Natashay J. Bailey, MD, Glenn L. Alexander, MD Mayo Clinic, Rochester, MN
Introduction: An inlet patch is an area of ectopic gastric mucosa that involves the most proximal esophagus within 3 cm of the upper esophageal sphincter. Though inlet patches are frequently noted on upper endoscopy, they are only rarely associated with clinically significant proximal esophageal pathology. We describe a case of an adenocarcinoma arising from an inlet patch in an asymptomatic 78-year-old man.
Case Description/Methods: A 78-year-old man with a previously resected, localized right upper lobe lung adenocarcinoma presented for a routine follow-up visit 5 years after his curative resection.
He endorsed a 15 lb intentional weight loss but denied dysphagia, odynophagia, or pulmonary symptoms. Surveillance CT scan of his chest noted a new 2.8 x 1.6 x 4.1 cm hyperdense structure in the upper esophageal lumen concerning for ingested material or an esophageal mass without adenopathy. EGD was performed revealing a 4 cm, soft, friable mass just below the proximal esophageal sphincter associated with an inlet patch. Endoscopic ultrasound noted the gastric inlet patch with a hypoechoic mass with poorly defined margins. The mass measured up to 12 mm in thickness with evidence of invasion into the muscularis propria, (T2 N0 M0). Biopsy revealed intramucosal adenocarcinoma arising from ectopic gastric mucosa. Given his age and tumor location, proton beam radiation with concurrent FOLFOX chemotherapy were recommended as primary treatment.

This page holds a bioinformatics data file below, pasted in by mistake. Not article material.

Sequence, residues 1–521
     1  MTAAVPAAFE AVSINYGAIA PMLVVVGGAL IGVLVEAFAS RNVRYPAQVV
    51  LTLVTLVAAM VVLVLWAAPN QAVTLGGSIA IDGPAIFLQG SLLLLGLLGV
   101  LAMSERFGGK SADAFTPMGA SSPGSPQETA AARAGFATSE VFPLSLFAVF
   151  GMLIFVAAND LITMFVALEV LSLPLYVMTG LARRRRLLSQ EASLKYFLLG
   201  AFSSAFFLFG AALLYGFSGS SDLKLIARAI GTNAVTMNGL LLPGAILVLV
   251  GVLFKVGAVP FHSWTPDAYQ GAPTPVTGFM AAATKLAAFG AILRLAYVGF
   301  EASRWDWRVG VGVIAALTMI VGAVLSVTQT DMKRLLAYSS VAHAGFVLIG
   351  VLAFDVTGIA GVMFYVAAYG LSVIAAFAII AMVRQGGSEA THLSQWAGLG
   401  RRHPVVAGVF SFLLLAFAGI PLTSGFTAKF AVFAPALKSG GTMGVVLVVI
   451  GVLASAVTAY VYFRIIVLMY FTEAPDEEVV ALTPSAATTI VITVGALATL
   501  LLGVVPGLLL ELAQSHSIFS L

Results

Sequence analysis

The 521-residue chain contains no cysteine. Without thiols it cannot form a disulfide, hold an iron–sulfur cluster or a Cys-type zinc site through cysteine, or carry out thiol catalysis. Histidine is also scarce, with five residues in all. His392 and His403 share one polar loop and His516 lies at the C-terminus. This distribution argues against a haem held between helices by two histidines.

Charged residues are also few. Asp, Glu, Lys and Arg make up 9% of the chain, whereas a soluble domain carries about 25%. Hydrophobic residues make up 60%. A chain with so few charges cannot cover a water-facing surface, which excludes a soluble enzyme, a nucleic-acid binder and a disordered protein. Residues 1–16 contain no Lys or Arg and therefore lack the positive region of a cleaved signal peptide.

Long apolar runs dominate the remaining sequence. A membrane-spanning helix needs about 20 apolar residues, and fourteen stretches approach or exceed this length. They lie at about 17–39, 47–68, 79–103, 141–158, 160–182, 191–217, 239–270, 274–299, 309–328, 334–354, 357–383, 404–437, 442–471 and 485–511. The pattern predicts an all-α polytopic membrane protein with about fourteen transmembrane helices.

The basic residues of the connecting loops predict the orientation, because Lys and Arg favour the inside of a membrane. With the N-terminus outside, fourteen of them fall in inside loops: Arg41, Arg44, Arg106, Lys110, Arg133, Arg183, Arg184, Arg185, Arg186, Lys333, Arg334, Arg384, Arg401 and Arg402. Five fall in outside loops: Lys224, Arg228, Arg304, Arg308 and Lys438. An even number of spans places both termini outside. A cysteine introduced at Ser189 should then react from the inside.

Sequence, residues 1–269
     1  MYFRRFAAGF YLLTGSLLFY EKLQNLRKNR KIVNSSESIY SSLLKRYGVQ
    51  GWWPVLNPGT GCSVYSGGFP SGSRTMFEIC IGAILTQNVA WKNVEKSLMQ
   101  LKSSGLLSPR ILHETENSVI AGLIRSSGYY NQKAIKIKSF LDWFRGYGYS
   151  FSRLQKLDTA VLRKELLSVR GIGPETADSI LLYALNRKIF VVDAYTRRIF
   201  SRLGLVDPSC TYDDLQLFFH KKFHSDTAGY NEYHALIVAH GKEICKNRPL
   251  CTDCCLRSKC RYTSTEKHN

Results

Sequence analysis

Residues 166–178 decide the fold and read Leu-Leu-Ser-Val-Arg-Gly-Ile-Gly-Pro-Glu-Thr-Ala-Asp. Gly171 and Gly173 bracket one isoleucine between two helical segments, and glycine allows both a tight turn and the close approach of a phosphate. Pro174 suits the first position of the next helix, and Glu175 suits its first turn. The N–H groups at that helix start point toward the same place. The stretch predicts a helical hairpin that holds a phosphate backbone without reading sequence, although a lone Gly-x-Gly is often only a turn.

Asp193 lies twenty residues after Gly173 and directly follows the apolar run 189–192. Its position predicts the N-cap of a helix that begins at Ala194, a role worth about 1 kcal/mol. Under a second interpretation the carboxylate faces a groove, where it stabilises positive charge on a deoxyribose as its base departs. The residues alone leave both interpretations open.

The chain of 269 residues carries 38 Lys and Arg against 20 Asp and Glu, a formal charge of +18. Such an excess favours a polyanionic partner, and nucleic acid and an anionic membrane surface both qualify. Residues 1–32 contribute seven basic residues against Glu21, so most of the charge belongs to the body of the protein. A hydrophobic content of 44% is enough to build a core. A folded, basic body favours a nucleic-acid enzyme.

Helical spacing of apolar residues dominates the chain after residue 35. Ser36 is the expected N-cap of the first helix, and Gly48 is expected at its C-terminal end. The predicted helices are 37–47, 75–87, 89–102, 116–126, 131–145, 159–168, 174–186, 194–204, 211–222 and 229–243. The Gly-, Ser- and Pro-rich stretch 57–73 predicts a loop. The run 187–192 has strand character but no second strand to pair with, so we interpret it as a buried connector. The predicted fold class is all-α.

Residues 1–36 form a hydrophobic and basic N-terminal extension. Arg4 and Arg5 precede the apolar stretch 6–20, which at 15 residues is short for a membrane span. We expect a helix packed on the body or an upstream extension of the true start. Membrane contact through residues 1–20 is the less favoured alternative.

Discussion: Although gastric heterotopic tissue can occur anywhere in the gastrointestinal tract, inlet patches refer to heterotopic tissue within the proximal part of the esophagus. Inlet patches occur in up to 11% of patients undergoing EGD. Most patients do not have proximal esophageal symptoms. When symptomatic, they may present with chest or throat discomfort, dysphagia, or a globus sensation presumably due to acid production or possible Helicobacter pylori infection. As with any ectopic mucosa, there is risk of metaplasia, dysplasia and carcinogenesis. Inlet patches have been associated rarely esophageal adenocarcinoma with less than 20 cases by 2004. Because of the rarity of the association between inlet patches and esophageal adenocarcinoma, there is no clear consensus concerning the need for surveillance. This case serves to stress the importance of performing a detailed endoscopic evaluation of the upper esophagus with close inspection of any heterotopic gastric mucosa with biopsies of abnormal areas noted.
Disclosures: Natashay Bailey indicated no relevant financial relationships. Glenn Alexander indicated no relevant financial relationships.
Natashay J. Bailey, MD, Glenn L. Alexander, MD. P2457 - A Rare Case of Esophageal Adenocarcinoma Arising in an Inlet Patch, ACG 2021 Annual Scientific Meeting Abstracts. Las Vegas, Nevada: American College of Gastroenterology.